blockchain oracles are third-party services that provide smart contract with external information. They serve as bridges between blockchains and the outside world.
Scalability and interoperability are often considered the two holy grails of the crypto space. Interoperability is defined as the ability of different softwares to communicate and exchange information with each other effectively. Oracles are a powerful tool that can provide interoperability between different blockchains and communicate with external data sources.
Why interoperability is important
- There are several centralized points of failure currently within the decentralized space. Eg. The exchanges act as a portal between the centralized and the decentralized space. However, since they are highly vulnerable, they are always under attack by hackers.
- For blockchains to succeed, they must be able to interact with legacy systems like financial institutions, etc. It is essential to maintain a robust point of contact between the two.
- Initially, the community thought that the smart contract ecosystem would be governed by chain maximalism i.e., one dominant chain that hosts a bunch of smart contracts. However, we already know that there are multiple smart contract platforms out there. To achieve maximum functionality, it is critical for these platforms to know how to “talk” to each other.
Classifying Blockchain oracles
There are two kinds of interoperability that blockchain projects can use:
This method uses a third blockchain as a bridge between two different blockchains. Projects like AION, Wanchain and ICON use this method. The following three are the most common approaches to on-chain interoperability:
- Hub and Spoke: Made popular by AION, in this method, the connecting blockchain acts as a central Hub to which the other blockchains aka spokes are connected to.
- Decentralized Exchange: Interoperability between two separate projects can be created by building a decentralized exchange.
- Bridges: In this method, the blockchain acts as a general-purpose bridge between the to aid communication and messaging.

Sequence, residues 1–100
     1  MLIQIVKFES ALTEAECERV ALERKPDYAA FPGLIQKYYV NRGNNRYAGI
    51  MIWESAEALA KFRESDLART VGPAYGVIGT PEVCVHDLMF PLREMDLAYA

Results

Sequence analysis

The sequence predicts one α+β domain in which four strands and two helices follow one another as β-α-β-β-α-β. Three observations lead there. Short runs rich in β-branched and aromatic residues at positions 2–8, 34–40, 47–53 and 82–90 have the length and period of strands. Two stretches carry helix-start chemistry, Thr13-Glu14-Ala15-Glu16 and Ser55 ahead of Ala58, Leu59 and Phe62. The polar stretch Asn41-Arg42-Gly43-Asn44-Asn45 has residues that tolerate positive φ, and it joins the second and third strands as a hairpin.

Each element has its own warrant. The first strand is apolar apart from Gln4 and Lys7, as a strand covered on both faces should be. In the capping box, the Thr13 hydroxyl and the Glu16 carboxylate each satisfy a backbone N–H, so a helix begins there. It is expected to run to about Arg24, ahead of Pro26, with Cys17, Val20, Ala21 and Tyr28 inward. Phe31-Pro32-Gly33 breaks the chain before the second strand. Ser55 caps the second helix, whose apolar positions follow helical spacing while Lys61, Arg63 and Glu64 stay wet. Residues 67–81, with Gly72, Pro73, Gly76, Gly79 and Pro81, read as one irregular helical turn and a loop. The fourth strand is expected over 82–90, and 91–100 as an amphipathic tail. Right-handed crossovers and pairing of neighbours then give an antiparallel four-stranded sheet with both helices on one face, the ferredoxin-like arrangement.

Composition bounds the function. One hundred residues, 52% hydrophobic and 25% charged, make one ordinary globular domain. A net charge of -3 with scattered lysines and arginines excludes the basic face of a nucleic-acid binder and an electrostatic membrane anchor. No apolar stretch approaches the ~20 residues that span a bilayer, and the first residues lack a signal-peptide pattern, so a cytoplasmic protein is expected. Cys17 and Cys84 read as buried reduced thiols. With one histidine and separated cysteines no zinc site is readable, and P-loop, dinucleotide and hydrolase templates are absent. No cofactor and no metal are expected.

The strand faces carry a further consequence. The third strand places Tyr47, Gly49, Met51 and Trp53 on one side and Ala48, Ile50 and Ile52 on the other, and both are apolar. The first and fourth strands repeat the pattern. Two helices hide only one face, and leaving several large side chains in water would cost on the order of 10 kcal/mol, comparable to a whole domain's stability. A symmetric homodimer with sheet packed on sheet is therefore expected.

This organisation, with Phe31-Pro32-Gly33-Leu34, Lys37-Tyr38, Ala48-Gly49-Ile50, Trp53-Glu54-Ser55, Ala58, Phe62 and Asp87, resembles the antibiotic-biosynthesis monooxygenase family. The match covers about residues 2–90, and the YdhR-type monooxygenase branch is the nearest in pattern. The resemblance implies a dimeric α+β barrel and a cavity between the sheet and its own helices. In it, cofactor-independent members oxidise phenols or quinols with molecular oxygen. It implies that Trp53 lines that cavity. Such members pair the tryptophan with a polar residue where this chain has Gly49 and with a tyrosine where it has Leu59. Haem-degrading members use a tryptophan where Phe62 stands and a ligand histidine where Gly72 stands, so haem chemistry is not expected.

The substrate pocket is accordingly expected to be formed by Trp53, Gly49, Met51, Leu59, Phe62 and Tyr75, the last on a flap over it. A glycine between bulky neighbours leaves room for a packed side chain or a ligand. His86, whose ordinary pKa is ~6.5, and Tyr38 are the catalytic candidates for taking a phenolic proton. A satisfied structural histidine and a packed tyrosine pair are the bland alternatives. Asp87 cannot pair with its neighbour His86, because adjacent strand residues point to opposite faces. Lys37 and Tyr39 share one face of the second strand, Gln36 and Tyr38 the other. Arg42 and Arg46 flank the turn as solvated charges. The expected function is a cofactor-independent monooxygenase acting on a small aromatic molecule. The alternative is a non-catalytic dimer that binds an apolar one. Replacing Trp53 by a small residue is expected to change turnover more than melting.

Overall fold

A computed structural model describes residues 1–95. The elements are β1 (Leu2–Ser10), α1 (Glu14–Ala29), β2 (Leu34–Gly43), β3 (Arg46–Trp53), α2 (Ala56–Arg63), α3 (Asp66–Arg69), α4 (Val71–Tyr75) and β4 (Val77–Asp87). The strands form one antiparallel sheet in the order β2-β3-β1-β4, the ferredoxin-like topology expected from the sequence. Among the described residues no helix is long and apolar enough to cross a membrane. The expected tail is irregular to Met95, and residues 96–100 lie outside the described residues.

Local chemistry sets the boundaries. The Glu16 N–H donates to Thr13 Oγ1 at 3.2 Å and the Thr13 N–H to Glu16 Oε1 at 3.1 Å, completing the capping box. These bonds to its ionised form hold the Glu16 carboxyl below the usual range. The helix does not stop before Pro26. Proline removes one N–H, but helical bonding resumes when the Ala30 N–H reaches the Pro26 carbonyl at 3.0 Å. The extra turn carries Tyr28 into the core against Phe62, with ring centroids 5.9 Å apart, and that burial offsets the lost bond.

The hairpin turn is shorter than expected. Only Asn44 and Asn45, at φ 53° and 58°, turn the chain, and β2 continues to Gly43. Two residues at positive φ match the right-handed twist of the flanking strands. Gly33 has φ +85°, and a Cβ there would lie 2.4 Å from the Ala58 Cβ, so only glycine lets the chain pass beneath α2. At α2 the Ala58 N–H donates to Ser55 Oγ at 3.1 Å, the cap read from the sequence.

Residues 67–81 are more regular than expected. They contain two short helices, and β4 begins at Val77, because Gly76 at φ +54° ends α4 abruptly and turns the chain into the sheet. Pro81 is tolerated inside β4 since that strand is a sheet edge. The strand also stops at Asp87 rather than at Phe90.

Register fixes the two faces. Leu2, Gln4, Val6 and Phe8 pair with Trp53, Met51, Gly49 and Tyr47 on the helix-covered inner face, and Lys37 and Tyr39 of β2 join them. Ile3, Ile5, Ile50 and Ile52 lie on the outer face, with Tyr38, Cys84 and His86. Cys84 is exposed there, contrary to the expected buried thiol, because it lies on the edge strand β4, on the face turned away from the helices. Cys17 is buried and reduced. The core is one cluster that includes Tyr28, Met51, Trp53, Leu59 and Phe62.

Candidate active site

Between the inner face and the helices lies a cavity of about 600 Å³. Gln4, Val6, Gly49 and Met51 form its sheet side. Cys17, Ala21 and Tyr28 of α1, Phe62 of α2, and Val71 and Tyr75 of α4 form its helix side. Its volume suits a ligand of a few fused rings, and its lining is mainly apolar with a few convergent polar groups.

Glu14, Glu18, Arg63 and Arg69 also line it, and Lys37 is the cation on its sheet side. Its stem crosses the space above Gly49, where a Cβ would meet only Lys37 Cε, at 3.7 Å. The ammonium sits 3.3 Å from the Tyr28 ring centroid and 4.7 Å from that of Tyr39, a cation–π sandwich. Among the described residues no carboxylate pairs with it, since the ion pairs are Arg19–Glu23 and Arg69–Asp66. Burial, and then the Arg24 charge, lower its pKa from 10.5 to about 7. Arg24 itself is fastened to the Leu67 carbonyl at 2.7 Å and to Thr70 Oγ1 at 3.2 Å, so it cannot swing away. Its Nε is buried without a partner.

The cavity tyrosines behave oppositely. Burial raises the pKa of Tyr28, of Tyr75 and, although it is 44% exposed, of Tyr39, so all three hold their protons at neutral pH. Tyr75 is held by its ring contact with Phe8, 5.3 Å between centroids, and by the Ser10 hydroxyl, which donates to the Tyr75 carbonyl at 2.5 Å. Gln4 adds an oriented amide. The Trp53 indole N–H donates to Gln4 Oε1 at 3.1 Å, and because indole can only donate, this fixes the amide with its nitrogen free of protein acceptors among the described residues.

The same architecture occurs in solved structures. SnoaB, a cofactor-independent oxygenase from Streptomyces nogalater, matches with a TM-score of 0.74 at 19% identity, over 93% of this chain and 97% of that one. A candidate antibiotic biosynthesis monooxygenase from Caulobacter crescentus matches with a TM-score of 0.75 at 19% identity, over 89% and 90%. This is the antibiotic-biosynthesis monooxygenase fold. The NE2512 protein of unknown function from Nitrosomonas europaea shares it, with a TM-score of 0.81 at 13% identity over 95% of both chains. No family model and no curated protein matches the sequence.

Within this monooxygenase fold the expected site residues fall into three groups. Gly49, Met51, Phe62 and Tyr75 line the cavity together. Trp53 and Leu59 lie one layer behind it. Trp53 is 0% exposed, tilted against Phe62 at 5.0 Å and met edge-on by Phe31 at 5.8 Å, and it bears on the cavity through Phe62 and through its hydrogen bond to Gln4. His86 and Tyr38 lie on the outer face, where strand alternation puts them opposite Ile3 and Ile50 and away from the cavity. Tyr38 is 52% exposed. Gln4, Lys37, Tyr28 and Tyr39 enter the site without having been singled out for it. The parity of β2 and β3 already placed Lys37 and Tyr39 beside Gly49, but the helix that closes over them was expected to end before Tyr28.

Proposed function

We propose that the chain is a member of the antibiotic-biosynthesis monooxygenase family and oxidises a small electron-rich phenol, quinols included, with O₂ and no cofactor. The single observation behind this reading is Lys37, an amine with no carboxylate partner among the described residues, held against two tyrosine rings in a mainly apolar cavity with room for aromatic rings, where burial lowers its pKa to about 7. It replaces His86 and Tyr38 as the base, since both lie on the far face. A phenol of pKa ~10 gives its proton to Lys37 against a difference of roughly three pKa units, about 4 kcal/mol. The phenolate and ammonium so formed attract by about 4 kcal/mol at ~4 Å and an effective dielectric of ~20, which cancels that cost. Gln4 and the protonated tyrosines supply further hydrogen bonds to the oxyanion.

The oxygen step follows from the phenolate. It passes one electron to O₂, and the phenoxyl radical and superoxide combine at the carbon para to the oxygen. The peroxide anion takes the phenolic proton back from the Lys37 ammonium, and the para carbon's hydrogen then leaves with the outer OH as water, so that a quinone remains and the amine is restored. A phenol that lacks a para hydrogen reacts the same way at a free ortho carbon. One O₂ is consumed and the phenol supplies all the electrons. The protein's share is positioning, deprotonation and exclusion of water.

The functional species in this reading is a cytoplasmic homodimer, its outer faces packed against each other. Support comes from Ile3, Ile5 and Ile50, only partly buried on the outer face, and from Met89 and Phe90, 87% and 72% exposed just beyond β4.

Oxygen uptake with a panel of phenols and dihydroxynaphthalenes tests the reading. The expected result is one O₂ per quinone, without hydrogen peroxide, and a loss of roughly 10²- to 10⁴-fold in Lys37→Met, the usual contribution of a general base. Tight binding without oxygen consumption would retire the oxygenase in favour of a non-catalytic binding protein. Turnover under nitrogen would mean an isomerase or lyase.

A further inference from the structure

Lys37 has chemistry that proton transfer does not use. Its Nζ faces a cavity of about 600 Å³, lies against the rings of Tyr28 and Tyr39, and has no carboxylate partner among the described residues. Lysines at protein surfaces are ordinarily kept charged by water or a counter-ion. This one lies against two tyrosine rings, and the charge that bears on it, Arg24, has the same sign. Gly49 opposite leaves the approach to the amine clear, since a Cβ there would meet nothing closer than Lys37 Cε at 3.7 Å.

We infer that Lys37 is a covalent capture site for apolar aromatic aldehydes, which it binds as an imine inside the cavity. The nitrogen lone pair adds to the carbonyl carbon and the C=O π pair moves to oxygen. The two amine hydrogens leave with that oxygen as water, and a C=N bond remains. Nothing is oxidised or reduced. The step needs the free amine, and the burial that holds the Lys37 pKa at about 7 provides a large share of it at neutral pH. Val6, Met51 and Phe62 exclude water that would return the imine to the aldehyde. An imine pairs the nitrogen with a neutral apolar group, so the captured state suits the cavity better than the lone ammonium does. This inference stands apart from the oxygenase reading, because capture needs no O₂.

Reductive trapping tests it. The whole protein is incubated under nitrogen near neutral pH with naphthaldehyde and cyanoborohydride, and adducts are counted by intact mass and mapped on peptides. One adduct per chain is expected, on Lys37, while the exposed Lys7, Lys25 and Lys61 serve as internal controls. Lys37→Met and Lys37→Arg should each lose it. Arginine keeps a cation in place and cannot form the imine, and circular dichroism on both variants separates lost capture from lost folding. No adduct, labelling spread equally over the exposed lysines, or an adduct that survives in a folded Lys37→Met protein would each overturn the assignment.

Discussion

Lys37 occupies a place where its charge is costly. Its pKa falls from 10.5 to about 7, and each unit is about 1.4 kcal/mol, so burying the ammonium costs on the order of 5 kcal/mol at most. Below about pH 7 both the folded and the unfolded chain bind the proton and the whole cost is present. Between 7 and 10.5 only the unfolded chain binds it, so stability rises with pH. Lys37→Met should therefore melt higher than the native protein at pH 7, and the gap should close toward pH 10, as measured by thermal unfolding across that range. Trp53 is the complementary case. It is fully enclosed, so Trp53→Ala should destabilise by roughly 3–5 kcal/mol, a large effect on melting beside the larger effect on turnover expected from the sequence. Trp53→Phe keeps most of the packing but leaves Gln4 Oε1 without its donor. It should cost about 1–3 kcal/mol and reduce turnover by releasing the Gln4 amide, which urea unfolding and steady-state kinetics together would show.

This method uses off-chain or middleware systems to facilitate interoperability.
- Atomic Swaps: Atomic swaps are a decentralized method used to exchange two assets without having to go through a centralized exchange. If you want to know more about Atomic Swaps then read this.
- State Channels: Layer-2 implementations like state channels can allow for off-chain interaction and atomic swaps.
- Operation System: A blockchain operating system enables cross-chain messaging and atomic swaps by running on top of the participating blockchains.
- Oracles: Oracles can allow a wide-degree of cross-communication across blockchains and enterprise systems, as well.
Apart from this, we can also categorize oracles into software and hardware oracles:
- Software Oracle: The information relayed within the software oracles comes from online sources like websites, backend APIs, or even other smart contracts. The type of information included here can range from stock prices to sporting event data.
- Hardware Oracle: Hardware oracles use IoT devices to track and verify real-world data before sending it to the smart contract.
Why do we need Blockchain Oracles?
Smart contracts have been designed to execute irreversible operations. This is why the information fed into the contract must come from a relatively trusted source. This is why, when data is coming from an external source, it can be a bit of a dilemma. However, on the flip side, it does increase the number of use cases exponentially.
An oracle signs claims about the state of the world and uploads it to the blockchain. Blockchains seem to live in their isolated reality, completely cut off from the rest of the world. An oracle can connect the blockchain to the real world by providing it with relevant information. The information may be retrieved or aggregated from one or multiple trusted sources by one or multiple oracles. Let’s take a simple example to see how oracles work.
- Alice and Bob place a bet on who is going to win the NBA finals.
- Alice believes that LA Lakers are going to win, while Bob is betting on the Milwaukee Bucks.
- After agreeing on the payouts, they sign the deal by locking up their funds in a smart contract. The smart contract releases funds to the winner based on the results.